About Me

When not at work with students, I spend my time in my room either reading, calculating something using pen and paper, or using a computer. I read almost anything: from the pornographic to the profound, although my main interests are mathematics and physics. "When I get a little money I buy books; and if any is left I buy food and clothes." -Erasmus

Tuesday, November 23, 2010

TeXworks and MikTex 2.9

I wrote my thesis using LaTex (pronounced La-tek, although other pronunciations are acceptable), a typesetting language. It's not like MS Word-- the output is not what-you-see -is -what-you-get -- you write a program and then compile it to produce pdf output. It's very handy when typing equations; you don't need to worry about portability. All pdf readers should be able to handle opening the finished product.

This portability of output can be contrasted with the various versions of Equation Editor on the market. Every time you upgrade to later versions of equation editor or math type, the equations you worked hard to prepare become gibberish.

You do need to learn the correct syntax. When programming in C or fortran, you can use an ordinary text editor like notepad, and then go to the command prompt or console, type in the compilation command, and wait for the executable to be produced. For latex files, compilation produces a pdf file. That was actually how I first learned to TeX; I used the console of a Linux distribution and an ordinary text editor.

A few years ago, I learned about TeXnicCenter. It was an integrated development environment (IDE) that allowed you to edit TeX files and then you can click on an icon to compile and view the output. To get it running, you had to install a TeX distribution-- I used an earlier version of MikTex, and you also needed to install a pdf reader (Like Adobe pdf reader). You needed to configure TeXnicCenter to recognize MikTeX and Adobe reader, and if you happen to be a newbie, getting it to work properly was hell. (I did learn though, and that's how the thesis got written.) For all of its faults-- and the only fault I could think of was how hard it was to get it working when newly installed, it does a very good job. If you compiled to dvi, then each new compile would lead to changes that you can easily track, if you had a dvi viewer open along with TeXnicCenter.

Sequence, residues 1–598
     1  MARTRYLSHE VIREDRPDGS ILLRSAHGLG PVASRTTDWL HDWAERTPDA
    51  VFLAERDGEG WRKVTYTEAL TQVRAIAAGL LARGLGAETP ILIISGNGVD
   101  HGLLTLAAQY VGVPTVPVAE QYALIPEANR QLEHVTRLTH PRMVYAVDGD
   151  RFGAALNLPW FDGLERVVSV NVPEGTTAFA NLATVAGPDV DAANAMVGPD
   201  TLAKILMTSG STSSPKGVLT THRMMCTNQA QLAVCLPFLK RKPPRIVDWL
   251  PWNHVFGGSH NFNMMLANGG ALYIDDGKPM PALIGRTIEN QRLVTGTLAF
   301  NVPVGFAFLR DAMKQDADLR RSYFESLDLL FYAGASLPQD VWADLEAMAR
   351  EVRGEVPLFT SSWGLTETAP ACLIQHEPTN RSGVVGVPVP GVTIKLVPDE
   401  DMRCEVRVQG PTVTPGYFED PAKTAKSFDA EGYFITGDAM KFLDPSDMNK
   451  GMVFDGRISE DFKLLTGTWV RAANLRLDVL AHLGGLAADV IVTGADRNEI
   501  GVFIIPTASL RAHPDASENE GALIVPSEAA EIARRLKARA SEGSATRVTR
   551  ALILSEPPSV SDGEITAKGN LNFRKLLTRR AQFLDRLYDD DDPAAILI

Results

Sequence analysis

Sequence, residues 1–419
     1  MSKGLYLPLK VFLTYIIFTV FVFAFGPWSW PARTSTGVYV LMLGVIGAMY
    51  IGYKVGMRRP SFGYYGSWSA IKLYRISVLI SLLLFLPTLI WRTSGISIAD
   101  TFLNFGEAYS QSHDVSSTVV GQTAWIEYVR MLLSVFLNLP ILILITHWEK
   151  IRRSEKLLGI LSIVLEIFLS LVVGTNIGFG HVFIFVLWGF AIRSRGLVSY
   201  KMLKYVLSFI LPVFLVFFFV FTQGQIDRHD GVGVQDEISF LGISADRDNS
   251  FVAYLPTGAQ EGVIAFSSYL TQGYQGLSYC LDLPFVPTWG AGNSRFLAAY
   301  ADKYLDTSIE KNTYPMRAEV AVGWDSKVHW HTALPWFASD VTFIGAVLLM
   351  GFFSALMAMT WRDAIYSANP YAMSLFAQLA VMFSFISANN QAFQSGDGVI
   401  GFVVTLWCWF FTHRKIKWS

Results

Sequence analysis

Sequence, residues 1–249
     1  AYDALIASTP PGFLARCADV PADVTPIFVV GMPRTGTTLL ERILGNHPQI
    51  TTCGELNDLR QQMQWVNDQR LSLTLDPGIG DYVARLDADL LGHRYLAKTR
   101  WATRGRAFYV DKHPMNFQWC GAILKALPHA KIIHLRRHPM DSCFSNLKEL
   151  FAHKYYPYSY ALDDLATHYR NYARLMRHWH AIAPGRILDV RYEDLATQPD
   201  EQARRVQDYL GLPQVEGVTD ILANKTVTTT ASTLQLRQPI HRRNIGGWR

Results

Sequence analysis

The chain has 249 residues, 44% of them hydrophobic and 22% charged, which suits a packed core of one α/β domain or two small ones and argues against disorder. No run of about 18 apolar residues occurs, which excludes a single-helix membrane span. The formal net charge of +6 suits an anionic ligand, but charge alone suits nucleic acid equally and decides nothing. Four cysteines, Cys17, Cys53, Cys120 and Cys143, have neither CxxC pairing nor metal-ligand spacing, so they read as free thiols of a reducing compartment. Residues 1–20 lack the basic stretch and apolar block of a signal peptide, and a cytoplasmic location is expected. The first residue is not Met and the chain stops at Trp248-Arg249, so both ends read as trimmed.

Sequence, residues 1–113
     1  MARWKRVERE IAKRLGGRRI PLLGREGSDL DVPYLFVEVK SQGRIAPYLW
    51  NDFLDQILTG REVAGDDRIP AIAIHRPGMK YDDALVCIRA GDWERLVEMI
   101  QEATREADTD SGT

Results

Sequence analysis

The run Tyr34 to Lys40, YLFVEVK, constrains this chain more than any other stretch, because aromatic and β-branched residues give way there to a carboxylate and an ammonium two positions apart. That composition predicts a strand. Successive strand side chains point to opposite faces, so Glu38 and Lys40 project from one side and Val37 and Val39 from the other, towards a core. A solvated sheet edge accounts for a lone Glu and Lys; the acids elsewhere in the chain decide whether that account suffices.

Pdf's were a problem. If you compiled to pdf, and you wanted to see the output, you opened the file with Adobe reader. If you make changes in the code you wrote and wished to recompile, you had to close the open pdf file; an open pdf file stopped the compiler from modifying the pdf because it was locked in place by Adobe Reader. So closing the open pdf took a few extra moments in addition to editing, viewing and recompiling.

Now fast forward to my new computer. Among the necessities of scientific writing (at least for the physics, engineering, and math community) is a TeX editor and compiler. So I looked up TeXnicCenter and MikTex and downloaded both of the latest versions. After installing both of these programs, I was surprised that .tex files were associated by Windows with TeXworks instead of TeXnicCenter. Since I did not recall installing this program, I decided to open a .tex file and found that it was a different IDE from TeXniCenter. I didn't like unncessary duplication, so I decided to look it up on the net, and I learned that it was bundled with MikTex 2.9, so there was no need to install TeXniCenter. Best of all, the output was a pdf file, and the associated viewer did not need to close the pdf in between compilation cycles.

I showed the program to the resident TeX geek, and she was overcome with admiration for TeXworks. Installation was a breeze-- you needed only one installation, just MikTeX 2.9. No more messing around with ghostscript, and configuring TeXniCenter.

The people who worked on MikTeX 2.9 did a terrific job of making the TeX editing easier with their latest stable release. In fact, I've uninstalled my copy of TeXniCenter and will be relying on TeXworks from now on.


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8 comments:

Helen Mary Labao said...

Hi! Wow, I'll take it from you to get really nice things. Nga pala, the book portal you sent me no longer accepts new registration... =( So sad. Although, I do have a full plate when it comes to reading materials... Might try this one for one of my projects...